‘Don’t make poverty an excuse’

Katlene O. Cacho

CAPTAIN Rodien Paca knew he had no other way to finish school but through obtaining a scholarship.

He was born from a poor family in Naga City. He lost his father when he was seven years old.

Tha family’s sari-sari store business helped pay his tuition in elementary and high school, but Paca knew it wasn’t enough. He had to do something.

“For someone who experienced life’s difficulties, you are determined to find ways to make life a bit easier. That time, I knew I had to be a scholar so I could finish school,” said Paca, a seaman turned entrepreneur and an international speaker and lecturer for United Nations Conference on Trade and Development (UNCTAD).

He currently runs several business ventures. He owns Paca Training and Management Systems Inc. Asia (PTMS Asia), a Cebu-based consultancy firm for logistics management, supply chain systems, commercial shipping management, port managements and trucking management systems.

He is also the chief operating officer of Mariners Professional Shipmanagement Inc.; president of Naga Port and Shipping Management Systems Inc., Naga Cebu Truckers and General Services Inc., Road Eagle Logistics Inc.; and managing director of Pilipinas Logistics Technologies Systems Inc.

Paca finished high school with flying colors, earning him a spot to qualify for any college scholarship grants in the city.

He obtained a scholarship grant from Norwegian Shipowners Association where he finished a Bachelor’s degree in Marine Officer Training Course (Marine Transportation and Marine Engineering) in the University of Cebu. He said he spent most of his tertiary years studying diligently, bearing in mind that graduating at the top of the class would earn him a good spot when he became a seaman. True enough, Paca completed his college course as class valedectorian and magna cum laude.

“When I already started working, I had to endure the pain of being away from my family. To do that I focused on working and learning all there is in ship management while I was thousands of nautical miles away from my loved ones. I started from scratch and eventually moved up in the rank,” Paca said.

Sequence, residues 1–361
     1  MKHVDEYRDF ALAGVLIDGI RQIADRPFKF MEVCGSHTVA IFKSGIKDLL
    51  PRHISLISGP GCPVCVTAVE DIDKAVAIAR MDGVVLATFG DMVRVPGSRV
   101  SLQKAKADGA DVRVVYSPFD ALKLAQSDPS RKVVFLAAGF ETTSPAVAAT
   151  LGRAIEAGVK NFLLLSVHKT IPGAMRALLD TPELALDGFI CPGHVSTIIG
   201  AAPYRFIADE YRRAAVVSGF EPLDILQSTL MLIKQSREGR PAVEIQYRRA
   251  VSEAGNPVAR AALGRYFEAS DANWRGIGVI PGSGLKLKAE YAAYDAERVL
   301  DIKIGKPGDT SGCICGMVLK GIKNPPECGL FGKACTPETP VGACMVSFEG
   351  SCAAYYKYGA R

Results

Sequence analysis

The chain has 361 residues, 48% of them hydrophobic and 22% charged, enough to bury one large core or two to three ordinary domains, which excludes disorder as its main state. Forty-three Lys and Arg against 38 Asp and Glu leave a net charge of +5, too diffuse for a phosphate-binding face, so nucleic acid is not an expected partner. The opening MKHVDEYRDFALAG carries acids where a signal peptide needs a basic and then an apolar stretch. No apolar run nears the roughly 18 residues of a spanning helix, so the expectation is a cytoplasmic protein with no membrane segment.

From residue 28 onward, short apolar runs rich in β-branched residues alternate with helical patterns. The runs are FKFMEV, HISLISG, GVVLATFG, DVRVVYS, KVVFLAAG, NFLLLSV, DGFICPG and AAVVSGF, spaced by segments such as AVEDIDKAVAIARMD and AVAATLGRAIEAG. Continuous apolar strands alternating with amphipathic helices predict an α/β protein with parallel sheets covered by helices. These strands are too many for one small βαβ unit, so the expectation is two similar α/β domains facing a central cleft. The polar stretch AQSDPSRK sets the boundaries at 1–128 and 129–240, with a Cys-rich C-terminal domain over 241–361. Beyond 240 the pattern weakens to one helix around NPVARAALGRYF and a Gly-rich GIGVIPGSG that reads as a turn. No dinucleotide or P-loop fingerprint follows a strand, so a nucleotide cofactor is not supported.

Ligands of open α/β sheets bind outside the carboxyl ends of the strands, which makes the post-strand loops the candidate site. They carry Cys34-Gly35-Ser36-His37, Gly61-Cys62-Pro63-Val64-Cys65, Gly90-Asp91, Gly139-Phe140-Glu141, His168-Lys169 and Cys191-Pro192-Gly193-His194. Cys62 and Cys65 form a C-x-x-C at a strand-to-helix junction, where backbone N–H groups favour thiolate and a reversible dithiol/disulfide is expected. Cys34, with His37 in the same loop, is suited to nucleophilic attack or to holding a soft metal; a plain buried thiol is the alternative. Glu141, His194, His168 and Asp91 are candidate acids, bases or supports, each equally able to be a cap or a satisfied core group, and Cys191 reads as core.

At the age of 27, he reached the highest position of a seaman’s career making him the youngest maritime captain in the world in an international ship.

“When I went to Norway, I studied additional courses in Poland and Finland. That made me an international graduate which led to faster promotion in the job,” Paca said.

As a ship captain, Paca was earning at least P400,000 a month (in early 2000) but he realized money wasn’t about everything.

“I slowly realized that the view at the top isn’t always happy and fulfilling,” he said. “A seaman’s life is a painful experience.”

An airport, for him, is a sentimental place. “It is a happy place when you arrive and the saddest when you leave,” he said.

“For eight to nine months you don’t get to see your wife and your children and the three to four months break aren’t enough to make up for that lost time,” he said, adding that the break wasn’t really a vacation but a time to study and look for a job again.

Paca resigned from being a seaman when his second child was born. He let go of the high-paying job and transferred to a Japan-based shipping management company that required him only two weeks of overseas travel per month.